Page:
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Capitals Postgame: No More No. 19; What Went Wrong Offensively?



Washington Capitals center Dylan Strome (17) tries to keep the puck away from New York Islanders center Casey Cizikas (53) in the third period of an NHL hockey game, Thursday, Nov. 2, 2023, in Washington. (AP Photo/Mark Schiefelbein)

WASHINGTON, D.C. — The Capitals’ three-game win streak has been snapped.

Thursday’s 3-0 loss to the New York Islanders was anything but pretty. Partly to blame was luck, partly to blame was execution, but ultimately there were a handful of notes to take away.

Backstrom’s Absence Was Surely Felt

The news of Nicklas Backstrom’s leave of absence from the team Wednesday was a fresh wound, one that absolutely lingered Thursday.

TJ Oshie called Backstrom’s absence “a massive hole that can’t be filled.” Head coach Spencer Carbery challenged everybody to give it a little bit more. But in whatever way the Capitals needed to respond to Backstrom’s abrupt departure, they failed to do so.

Obviously the Islanders’ quick goal — coming 22 seconds into the game — didn’t help matters. But the Capitals failed to punch back, instead watching as the Islanders climbed to a three-goal advantage.

At times, the Capitals looked lackadaisical. Passes were often anything but crisp. Plenty of opportunities were had, but none culminated in any success on the scoreboard. And because of it, the Capitals are back in the loss column.

Shots On Goal Output Perplexing

Honestly, Thursday’s result would probably be a total shock to somebody who only read the box score.

Come night’s end, the Capitals held a stout 32-21 advantage in the shots on goal battle, an output that failed to culminate in a single goal.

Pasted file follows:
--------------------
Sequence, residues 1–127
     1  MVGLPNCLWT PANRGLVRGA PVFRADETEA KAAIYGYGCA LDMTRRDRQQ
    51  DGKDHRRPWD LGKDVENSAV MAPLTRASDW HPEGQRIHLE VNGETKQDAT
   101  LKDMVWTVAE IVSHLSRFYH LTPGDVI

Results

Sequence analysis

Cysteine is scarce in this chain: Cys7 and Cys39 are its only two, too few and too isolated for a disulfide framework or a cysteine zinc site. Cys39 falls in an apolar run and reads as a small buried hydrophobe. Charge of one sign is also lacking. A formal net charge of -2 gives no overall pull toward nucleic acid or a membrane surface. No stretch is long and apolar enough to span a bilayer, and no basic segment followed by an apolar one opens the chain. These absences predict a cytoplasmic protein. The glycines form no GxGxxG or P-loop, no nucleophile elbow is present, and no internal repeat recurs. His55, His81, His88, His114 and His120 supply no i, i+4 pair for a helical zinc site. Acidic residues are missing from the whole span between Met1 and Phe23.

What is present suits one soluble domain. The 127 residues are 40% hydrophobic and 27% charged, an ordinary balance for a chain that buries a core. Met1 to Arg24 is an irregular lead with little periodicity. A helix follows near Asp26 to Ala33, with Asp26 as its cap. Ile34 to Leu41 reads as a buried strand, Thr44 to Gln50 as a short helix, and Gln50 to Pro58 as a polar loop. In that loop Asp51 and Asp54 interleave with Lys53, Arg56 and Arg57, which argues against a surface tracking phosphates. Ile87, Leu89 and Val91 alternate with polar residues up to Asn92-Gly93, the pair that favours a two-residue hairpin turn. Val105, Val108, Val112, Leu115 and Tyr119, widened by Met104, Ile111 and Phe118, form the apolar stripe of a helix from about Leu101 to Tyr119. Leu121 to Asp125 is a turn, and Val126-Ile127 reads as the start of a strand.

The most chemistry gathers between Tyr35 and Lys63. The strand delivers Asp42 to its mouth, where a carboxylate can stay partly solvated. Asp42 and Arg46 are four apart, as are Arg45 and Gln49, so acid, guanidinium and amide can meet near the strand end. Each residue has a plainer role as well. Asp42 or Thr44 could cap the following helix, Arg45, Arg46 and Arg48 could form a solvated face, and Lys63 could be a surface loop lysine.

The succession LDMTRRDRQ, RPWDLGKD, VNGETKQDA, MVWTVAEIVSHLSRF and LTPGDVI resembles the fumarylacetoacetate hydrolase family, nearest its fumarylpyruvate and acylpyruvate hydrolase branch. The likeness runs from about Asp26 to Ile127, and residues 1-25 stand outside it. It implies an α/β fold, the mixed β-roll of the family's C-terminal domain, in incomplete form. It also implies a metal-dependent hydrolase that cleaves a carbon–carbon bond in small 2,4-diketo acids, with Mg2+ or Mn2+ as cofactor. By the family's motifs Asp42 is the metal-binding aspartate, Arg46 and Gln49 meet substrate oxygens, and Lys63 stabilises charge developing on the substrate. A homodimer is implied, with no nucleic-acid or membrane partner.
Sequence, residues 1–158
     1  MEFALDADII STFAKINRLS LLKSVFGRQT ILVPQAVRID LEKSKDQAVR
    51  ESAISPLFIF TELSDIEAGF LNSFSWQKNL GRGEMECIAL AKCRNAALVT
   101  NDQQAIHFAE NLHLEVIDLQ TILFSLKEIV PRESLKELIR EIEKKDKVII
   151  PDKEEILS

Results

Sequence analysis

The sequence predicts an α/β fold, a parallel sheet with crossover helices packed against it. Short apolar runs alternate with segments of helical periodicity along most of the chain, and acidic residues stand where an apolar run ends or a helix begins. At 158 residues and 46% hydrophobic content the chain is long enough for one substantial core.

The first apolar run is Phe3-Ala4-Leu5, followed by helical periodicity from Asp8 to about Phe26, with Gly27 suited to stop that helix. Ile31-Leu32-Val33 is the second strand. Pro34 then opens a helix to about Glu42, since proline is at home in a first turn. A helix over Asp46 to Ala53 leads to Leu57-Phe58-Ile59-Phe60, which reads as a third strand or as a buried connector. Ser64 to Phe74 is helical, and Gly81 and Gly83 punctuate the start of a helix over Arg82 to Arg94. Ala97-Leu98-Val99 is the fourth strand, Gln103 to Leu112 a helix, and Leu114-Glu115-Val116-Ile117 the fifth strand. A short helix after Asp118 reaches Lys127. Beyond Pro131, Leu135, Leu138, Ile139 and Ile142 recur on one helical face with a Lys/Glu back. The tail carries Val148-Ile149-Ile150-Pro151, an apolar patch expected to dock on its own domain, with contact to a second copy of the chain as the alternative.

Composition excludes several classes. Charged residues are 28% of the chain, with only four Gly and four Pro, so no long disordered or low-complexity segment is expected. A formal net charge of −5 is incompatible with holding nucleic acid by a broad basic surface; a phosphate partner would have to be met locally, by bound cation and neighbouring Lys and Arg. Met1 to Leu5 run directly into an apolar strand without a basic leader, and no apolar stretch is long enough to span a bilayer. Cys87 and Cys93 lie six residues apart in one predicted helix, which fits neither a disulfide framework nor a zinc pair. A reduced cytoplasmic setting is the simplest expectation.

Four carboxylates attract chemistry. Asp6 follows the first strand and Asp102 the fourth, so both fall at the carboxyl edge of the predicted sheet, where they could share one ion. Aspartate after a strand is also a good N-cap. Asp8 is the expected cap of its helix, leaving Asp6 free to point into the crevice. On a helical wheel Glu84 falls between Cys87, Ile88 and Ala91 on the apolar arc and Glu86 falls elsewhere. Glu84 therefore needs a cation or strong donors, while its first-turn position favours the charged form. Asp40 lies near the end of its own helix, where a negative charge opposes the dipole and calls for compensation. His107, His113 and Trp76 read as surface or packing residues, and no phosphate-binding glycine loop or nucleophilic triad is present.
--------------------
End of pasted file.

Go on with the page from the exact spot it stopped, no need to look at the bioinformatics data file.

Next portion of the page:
Meanwhile, the Islanders scored on each of the two shots they took in the first period. Brock Nelson’s second-period goal came on the team’s fifth shot of the game — making the Capitals’ offensive shortcomings feel that much worse.

Making matters worse was the fact that the Capitals had three power play opportunities throughout the course of the game, but Islanders goalie (and former Capital) Semyon Varlamov could not be beaten. He finished with 32 saves.

Oshie’s Neck Protection

Nearly a week after Adam Johnson had his throat cut on the ice in a freak accident, Capitals winger TJ Oshie donned neck protection in game action.

Oshie’s company, Warroad, is one of many suppliers of the items, and sold out of their cut-resistant base layers that cover the neck and wrists.

Oshie is one of a few around the league who are embracing the protection following Johnson’s death.

“I made my choice for my kids, I want to stick around for them,” Oshie said. “Just trying to decrease the chance of injury.”

Jared Serre covers the Washington Capitals for Washington Hockey Now. He is a graduate of West Virginia University.